Diagnosis & Treatment

Obtaining a diagnosis can be difficult for the following reasons:

  • Young age and healthy appearance
  • Attributing symptoms to stress
  • Diagnosis of depression or other illness
  • Different diagnosis from various health care professionals

Due to these difficulties, individuals with early onset Alzheimer’s may not necessarily be in the early stages of the disease when they receive the diagnosis.

If you are consistently experiencing any symptoms, schedule a comprehensive medical evaluation with your primary care physician and possibly a neurologist or other specialist.  In preparing for your appointment, make sure you do the following:

  • Write down all symptoms – anything that is noticed to be different or out of the ordinary for the individual
  • Make a list of any illnesses and medications being taken
  • Compile a complete health history before going to the doctor.  There are some great tools to help with this process:
    • “My Medical”  is available as both an iPhone and Android app at www.mymedicalapp.com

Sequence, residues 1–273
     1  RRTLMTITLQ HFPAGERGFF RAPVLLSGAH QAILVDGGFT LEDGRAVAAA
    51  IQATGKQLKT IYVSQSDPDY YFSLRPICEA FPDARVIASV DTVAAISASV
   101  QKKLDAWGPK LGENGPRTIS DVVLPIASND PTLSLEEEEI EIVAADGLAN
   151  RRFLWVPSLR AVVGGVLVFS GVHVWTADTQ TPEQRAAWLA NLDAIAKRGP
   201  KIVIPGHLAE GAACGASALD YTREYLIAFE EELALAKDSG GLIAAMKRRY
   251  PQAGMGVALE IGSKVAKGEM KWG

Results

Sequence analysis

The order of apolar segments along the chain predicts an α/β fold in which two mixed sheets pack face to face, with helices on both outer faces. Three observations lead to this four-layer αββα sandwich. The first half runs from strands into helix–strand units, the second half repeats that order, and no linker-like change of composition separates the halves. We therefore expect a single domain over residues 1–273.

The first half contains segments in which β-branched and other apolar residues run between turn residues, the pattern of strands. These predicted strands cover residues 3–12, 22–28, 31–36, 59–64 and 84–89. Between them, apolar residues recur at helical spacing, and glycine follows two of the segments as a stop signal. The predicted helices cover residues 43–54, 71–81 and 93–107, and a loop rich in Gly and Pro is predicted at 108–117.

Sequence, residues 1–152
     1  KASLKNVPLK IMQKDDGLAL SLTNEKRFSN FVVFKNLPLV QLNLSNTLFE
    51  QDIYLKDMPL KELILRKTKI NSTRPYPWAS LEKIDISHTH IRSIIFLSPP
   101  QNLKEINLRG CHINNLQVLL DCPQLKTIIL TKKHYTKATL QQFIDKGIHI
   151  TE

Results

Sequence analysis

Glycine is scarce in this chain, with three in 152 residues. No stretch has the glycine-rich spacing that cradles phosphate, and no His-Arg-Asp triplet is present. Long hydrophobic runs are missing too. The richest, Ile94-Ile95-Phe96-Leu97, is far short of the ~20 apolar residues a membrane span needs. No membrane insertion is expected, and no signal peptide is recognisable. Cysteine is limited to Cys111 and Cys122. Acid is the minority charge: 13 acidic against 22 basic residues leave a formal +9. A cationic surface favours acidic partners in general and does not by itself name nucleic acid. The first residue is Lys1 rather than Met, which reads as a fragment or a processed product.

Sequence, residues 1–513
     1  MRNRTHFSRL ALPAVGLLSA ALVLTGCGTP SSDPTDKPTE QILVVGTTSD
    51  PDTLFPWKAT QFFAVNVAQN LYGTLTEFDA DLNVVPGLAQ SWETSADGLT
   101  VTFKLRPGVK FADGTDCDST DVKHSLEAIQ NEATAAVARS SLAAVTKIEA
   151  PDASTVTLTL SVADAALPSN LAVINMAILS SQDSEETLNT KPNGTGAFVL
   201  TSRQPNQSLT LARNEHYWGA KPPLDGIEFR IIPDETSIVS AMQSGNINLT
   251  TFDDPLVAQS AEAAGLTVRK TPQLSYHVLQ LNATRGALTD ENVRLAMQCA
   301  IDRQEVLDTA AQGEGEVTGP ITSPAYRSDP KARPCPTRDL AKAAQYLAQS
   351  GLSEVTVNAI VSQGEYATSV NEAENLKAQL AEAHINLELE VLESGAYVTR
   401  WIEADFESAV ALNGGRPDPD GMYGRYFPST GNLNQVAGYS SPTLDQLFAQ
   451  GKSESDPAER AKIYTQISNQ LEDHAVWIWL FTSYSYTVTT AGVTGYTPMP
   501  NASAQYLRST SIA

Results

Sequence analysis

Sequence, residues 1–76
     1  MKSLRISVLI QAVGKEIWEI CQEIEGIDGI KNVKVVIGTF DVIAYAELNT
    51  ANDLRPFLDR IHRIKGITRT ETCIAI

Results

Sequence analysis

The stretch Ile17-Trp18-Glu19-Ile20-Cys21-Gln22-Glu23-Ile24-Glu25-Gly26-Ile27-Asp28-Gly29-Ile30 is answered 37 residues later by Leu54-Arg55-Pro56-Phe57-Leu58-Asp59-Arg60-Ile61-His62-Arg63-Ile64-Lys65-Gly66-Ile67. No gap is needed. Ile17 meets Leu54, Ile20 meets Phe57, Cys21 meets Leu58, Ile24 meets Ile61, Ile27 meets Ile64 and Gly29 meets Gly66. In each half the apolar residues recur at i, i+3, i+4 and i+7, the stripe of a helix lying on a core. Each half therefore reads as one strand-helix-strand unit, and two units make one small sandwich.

• We have a checklist on our website under “How We Can Help”

Tests that may be conducted in the diagnostic process could include:

  • A physical examination, which could include blood pressure, pulse and nutritional status
  • Laboratory tests, such as blood and urine tests
  • A mental status evaluation that assesses sense of time and place, ability to remember and recall, understand and communicate, and the ability to do simple math problems
  • A series of evaluations that test memory, reasoning, visual-motor coordination, and language skills
  • Brain imaging scan to rule out other causes, such as stroke

Do not allow a physician to dismiss the symptoms as depression, without conducting the tests as mentioned above.  Do not be afraid to seek out other physicians that will pay attention to the symptoms that are being experienced.

As difficult as it can be to receive a diagnosis of early onset Alzheimer’s disease, there are advantages in obtaining the diagnosis as early as possible in the disease process:

  • Time to make choices that maximize quality of life
  • Lessened anxieties about unknown problems
  • Better chance of benefitting from treatment
  • More time to plan for the future

There is not a treatment that cures Alzheimer’s.  There are many prescriptions drugs on the market that can delay symptoms and progression of the disease.  Consult with your treating physician and follow their advice.